Since 9/11, US government officials have frequently fought national security excesses. They will likely do so againby Rupert Stone / November 21, 2016 / Leave a comment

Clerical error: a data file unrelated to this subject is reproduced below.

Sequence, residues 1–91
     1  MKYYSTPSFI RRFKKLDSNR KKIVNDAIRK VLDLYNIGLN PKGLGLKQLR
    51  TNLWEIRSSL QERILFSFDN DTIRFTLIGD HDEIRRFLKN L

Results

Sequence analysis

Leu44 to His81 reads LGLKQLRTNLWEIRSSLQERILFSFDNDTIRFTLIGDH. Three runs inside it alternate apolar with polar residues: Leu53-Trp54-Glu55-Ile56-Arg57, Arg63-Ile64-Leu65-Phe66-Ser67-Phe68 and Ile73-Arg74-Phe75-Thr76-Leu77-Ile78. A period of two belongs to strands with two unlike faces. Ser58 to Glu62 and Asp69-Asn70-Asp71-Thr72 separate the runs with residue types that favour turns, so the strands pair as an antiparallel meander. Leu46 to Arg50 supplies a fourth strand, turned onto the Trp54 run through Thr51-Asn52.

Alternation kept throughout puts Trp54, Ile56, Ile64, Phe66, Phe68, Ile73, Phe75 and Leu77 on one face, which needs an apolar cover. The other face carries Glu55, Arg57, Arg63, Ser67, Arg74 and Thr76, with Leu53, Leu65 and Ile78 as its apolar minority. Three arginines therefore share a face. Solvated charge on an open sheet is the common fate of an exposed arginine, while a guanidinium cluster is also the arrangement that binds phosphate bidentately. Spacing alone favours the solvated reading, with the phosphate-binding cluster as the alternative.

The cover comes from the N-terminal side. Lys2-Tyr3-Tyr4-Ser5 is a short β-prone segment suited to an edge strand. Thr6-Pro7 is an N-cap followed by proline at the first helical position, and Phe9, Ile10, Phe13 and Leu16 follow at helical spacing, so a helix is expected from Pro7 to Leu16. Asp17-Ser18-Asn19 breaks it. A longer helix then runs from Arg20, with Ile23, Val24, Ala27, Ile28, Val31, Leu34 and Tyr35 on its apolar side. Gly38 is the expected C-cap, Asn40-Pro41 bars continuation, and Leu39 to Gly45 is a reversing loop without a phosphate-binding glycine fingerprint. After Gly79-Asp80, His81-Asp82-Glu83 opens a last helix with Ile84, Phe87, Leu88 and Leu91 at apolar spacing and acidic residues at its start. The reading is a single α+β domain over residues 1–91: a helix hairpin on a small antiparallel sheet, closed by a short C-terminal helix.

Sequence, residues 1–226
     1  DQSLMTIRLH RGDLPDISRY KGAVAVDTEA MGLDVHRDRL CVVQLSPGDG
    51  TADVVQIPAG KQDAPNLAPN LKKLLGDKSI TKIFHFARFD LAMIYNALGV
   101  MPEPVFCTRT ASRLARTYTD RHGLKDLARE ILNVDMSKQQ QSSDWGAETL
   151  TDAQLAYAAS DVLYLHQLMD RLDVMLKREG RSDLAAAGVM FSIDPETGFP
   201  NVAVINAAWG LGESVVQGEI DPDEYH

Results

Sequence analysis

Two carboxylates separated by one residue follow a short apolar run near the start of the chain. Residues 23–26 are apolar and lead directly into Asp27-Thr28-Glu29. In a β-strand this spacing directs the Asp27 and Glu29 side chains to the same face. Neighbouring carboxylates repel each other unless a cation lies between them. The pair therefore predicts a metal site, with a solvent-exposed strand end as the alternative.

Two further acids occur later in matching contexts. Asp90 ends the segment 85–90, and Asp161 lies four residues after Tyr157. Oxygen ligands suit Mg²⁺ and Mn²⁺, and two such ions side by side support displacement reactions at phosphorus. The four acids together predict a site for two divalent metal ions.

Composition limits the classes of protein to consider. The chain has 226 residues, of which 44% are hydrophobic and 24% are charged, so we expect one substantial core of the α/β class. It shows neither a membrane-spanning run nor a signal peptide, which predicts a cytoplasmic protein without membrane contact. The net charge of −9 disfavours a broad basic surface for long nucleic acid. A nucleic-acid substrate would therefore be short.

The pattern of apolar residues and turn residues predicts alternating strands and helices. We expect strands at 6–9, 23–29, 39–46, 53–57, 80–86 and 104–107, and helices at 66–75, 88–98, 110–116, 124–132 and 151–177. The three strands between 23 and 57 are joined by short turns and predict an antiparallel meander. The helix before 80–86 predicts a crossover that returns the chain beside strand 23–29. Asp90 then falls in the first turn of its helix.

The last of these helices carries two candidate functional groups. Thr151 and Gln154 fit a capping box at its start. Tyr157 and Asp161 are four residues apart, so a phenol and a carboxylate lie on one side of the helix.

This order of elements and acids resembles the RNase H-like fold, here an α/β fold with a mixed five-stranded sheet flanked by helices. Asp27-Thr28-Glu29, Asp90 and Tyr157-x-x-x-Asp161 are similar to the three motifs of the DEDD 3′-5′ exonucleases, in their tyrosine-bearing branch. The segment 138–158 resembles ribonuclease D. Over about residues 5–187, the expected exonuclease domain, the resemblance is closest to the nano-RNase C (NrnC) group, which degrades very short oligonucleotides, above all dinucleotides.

United States President-Elect Donald Trump ©Peter Foley/DPA/PA Images Read former MI6 Chief Richard Dearlove: Trump could make Britain safer Donald Trump’s election victory has caused widespread alarm. The Republican candidate who called for torture, the murder of terrorists’ family members, military tribunals for American citizens, surveillance of Muslims, bombing “the shit” out of ISIS, mass deportations and other harsh measures will soon be president. Concerns about the future of American democracy are, of course, understandable. But, if the past is anything to go by, Trump may well struggle to implement his proposals. Since 9/11, US government officials have repeatedly challenged overweening national security policies by protesting internally or leaking to media outlets. Let’s take a look at the Bush administration. Soon after 9/11 the CIA embarked on a secret programme to capture terror suspects and torture them using so-called enhanced interrogation techniques. Problems started soon after the agency detained its first prisoner, Abu Zubaydah, in 2002, when former FBI agent Ali Soufan objected to the harsh methods being used and withdrew his participation. Government attorneys had approved the CIA techniques in a notorious series of legal opinions, but Jack Goldsmith, a senior lawyer in the Justice Department, disagreed and eventually revoked those opinions before resigning his position in 2004. Around the same time CIA Inspector General John Helgerson issued an explosive report raising doubts about the legality and effectiveness of the interrogation regimen. Then, in 2005, leaks about secret CIA prisons appeared in The Washington Post. Detention facilities were closed and interrogations soon ground to a halt. In 2007 there was another major leak, this time concerning the agency’s destruction of 92 videotapes, some of which showed two detainees undergoing harsh interrogation techniques. This, in turn, triggered a massive inquiry by the Senate Select Committee on Intelligence, which, thanks to the dogged persistence of its then chair, Senator Dianne Feinstein, finally released the scathing executive summary of its 6,700-page report in 2014. That report led to new legislation placing firmer constraints on the abuse of prisoners, making it harder for Trump to reauthorise torture as he has promised. It has also enabled a lawsuit brought by former CIA captives against architects of the interrogation program. At Guantanamo, where a similar set of abusive tactics was approved after 9/11, government insiders also spoke out. Alberto Mora, former General Counsel of the Navy, rejected the administration’s legal justification for mistreating prisoners. Other officials, such as Mark Fallon, protested internally about harsh interrogation techniques. The system of military commissions, set up after 9/11 to try terrorism suspects, met with intense opposition. Indeed, former prosecutors Stuart Couch and Morris Davis resigned over concerns about evidence obtained through torture. Dissent was not limited to Guantanamo: take Sgt. Joseph Darby, who disclosed images of torture at Abu Ghraib, or Col. Steven Kleinman who tried to stop prisoner abuse in Iraq. Bush’s surveillance policies also encountered resistance. Shortly after 9/11 the NSA was given sweeping new powers to intercept domestic phone calls and email data in breach of federal law. Jack Goldsmith and his boss James Comey, who was acting Attorney General at the time (and is now FBI Director), deemed parts of the program to be illegal, and threatened to resign along with a host of other Justice Department officials if they continued. Bush eventually capitulated and made changes, but the NSA program then leaked to the New York Times, generating widespread controversy. Around the same time a group of dissident NSA officials was trying to roll back the surveillance practices, complaining internally to the relevant oversight bodies. To the surprise of many, Barack Obama largely continued Bush’s policies. Indeed, dissenters have mostly managed to reform, rather than end, the practices they opposed. Obama even expanded Bush’s surveillance activities, but here, too, there was pushback, most famously from former intelligence contractor Edward Snowden, who leaked vast troves of information to the media. Snowden’s disclosures have already resulted in one (albeit modest) legislative reform, while also enabling greater transparency and public debate about surveillance. Snowden was not the only dissenting insider: former State Department official John Tye protested the bulk gathering of data by Executive Order. More recently it was revealed that John Crane, a former high-ranking official in the Department of Defense Inspector General, had fought with his colleagues about the Obama administration’s treatment of NSA whistleblower Thomas Drake. One of the most striking aspects of Obama’s early years in office was his dramatic escalation of CIA drone strikes in Pakistan and elsewhere. The strikes, which are secret, leaked to the media and attracted criticism. As a result, drone attacks declined in frequency from a peak in 2010, and the Obama administration has been forced to apply new safeguards to its targeted killing policy. There has been opposition to the use of force in other contexts, too. Matthew Hoh, a former State Department official serving in Afghanistan, resigned in protest against Obama’s continuation of the war there. In 2010 Wikileaks published huge numbers of Iraq and Afghan war logs leaked by Chelsea Manning. More recently, fifty Pentagon intelligence analysts complained that assessments of the effectiveness of the military campaign against ISIS were being distorted. There have been many other examples of internal dissent besides those mentioned here. In the past fifteen years government insiders have shown a remarkable willingness to risk their careers by speaking out against perceived abuses of power. And they will likely continue doing so under Trump, whose proposals are generally more draconian than the policies of Bush or Obama. Indeed, officials have already vowed to disobey unlawful orders, before Trump has even taken office. If the president-elect does follow through on some of his campaign pledges, there will surely be one hell of a fight.